Xpeng’s XNGP urban self-driving system hits another milestone

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Xpeng, the Chinese electric vehicle manufacturer, has recently made significant strides in the field of autonomous driving with its XNGP urban self-driving system. On May 14th, the company announced that the system had achieved 100% mapless driving and had doubled the available driving range. This breakthrough signifies a notable improvement in the versatility of the XNGP system, as previously, advanced assistance driving in select areas required the use of high-definition maps. A test was initially rolled out in February this year, but it is now that the company claims the system has reached 100% mapless driving.

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In terms of specific city mileage expansion, the available range in Shanghai has expanded by 2.23 times, Guangzhou by 2.15 times, Shenzhen by 2.18 times, and Foshan by 1.31 times.

Expanding beyond these major cities, Xpeng has also extended the coverage of its intelligent driving system to Shandong and Jiangxi provinces. Shandong now offers over 30,000 kilometers of urban mileage, while Jiangxi provides over 11,000 kilometers. In Shandong, cities such as Jinan, Qingdao, and Linyi have fully opened up, while in Jiangxi, cities like Nanchang and Ganzhou are included.

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It is worth noting that these new features are currently limited to the Max version of Xpeng’s vehicles, this version was initially introduced last April. This limitation is understandable as the Pro version vehicles are restricted to high-speed scenarios due to their overall vehicle computing power and sensor capabilities, thus mainly supporting XNGP-assisted driving.

Xpeng’s advancements in autonomous driving come at a time of intense competition in the market. Recently, the CEO of WeRide, Tony Han, revealed that on May 18th, their PPA self-driving system would expand to cover one hundred cities, ahead of the original plan by at least one quarter. Han will also demonstrate the “light mapping” PPA capability through a live stream on that day. Not to mention, Tesla made headlines recently with its push forward to bring its FSD system to mainland China.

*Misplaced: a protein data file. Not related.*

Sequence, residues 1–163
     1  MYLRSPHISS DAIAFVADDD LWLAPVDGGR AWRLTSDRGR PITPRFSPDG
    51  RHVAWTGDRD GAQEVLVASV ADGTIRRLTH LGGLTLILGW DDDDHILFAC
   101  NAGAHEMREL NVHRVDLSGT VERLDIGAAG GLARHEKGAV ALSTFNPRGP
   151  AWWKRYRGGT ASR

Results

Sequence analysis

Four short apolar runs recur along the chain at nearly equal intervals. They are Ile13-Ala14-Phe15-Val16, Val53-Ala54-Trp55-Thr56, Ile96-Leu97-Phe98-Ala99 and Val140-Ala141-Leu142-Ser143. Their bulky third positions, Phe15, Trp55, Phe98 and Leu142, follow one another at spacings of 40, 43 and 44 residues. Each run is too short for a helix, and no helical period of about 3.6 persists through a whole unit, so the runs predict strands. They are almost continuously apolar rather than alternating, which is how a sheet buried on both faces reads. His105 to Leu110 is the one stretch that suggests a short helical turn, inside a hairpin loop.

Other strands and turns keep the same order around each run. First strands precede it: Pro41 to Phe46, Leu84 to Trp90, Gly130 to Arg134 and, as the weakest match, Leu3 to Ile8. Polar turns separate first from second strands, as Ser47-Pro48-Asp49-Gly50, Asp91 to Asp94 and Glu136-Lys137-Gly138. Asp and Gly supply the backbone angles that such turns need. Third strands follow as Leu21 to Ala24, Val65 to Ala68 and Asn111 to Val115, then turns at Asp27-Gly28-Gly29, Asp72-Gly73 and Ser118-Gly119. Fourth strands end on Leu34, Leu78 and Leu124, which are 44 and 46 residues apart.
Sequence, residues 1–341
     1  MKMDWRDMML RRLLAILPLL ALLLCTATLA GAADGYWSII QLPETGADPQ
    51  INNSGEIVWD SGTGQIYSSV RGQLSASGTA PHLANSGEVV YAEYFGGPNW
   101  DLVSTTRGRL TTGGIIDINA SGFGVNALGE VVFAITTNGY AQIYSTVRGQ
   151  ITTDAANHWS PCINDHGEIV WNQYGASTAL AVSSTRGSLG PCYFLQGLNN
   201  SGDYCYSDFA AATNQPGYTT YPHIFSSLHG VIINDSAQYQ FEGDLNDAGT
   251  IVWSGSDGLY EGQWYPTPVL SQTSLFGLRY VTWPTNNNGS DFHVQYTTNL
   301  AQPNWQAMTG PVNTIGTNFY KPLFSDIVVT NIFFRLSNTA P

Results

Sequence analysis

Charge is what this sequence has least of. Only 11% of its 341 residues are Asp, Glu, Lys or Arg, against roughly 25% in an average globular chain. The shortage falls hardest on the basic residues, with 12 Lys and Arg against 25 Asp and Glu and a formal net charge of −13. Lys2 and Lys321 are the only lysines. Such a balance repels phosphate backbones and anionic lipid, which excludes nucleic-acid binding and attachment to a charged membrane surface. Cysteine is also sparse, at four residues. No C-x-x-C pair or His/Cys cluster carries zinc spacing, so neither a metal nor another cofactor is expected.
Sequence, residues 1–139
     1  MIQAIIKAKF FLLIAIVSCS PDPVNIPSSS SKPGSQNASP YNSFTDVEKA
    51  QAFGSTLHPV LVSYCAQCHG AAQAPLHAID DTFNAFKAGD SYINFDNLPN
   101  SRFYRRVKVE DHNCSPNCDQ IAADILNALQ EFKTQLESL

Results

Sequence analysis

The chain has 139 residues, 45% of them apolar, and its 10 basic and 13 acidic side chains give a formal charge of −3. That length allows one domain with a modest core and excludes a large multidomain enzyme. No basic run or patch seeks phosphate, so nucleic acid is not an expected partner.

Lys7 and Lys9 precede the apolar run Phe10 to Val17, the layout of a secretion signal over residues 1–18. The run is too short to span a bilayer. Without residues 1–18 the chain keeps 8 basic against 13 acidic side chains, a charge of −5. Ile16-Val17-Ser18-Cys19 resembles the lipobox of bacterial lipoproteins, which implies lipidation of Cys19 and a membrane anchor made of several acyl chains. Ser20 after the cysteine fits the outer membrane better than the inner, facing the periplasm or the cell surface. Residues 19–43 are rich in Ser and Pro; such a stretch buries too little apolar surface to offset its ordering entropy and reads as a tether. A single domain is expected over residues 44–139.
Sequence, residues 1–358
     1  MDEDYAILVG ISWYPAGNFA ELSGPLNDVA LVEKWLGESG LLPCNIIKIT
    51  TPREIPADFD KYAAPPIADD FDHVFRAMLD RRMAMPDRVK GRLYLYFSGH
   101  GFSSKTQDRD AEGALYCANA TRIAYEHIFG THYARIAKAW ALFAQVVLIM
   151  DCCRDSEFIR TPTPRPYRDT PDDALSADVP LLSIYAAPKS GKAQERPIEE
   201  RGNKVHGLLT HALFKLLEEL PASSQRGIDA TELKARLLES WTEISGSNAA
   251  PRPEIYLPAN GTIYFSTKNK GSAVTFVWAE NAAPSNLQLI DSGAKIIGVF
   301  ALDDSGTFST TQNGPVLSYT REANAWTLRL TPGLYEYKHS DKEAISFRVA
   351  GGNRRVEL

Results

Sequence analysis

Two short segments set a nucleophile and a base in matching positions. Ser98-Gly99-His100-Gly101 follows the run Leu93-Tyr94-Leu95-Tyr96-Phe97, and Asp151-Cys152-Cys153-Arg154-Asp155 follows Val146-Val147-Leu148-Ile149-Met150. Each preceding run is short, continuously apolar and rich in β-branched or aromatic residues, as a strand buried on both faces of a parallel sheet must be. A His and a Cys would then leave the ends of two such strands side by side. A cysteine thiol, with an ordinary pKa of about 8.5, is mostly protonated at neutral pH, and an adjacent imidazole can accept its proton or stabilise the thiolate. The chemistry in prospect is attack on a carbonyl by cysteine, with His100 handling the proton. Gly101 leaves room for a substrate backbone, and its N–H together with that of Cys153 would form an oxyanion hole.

Furthermore, Nio has chosen to open up its urban NOP+ function to national users through a “road validation” approach. Once a route receives dual certification from users and the official system, the NOP+ function is made available. Therefore, Nio’s urban autonomous driving expansion focuses on coverage rather than “city openings.”

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Similarly, after pledging “nationwide availability” at the end of last year, Huawei upgraded its goal to “driving on any road.” They also rely on a mapless solution to achieve urban autonomous driving. It is evident that “mapless” driving has become an industry trend. The competition between leading companies has objectively accelerated the continuous evolution of autonomous driving capabilities in China.

Overall, several Chinese companies have demonstrated a constant push for improved performance in the field of autonomous driving, with their technological prowess placing them at the forefront of the industry. It is hoped that these companies will further refine this technology through future iterations, ultimately providing users with a more seamless and perfect autonomous driving experience in the not-so-distant future.

Source: Citnews

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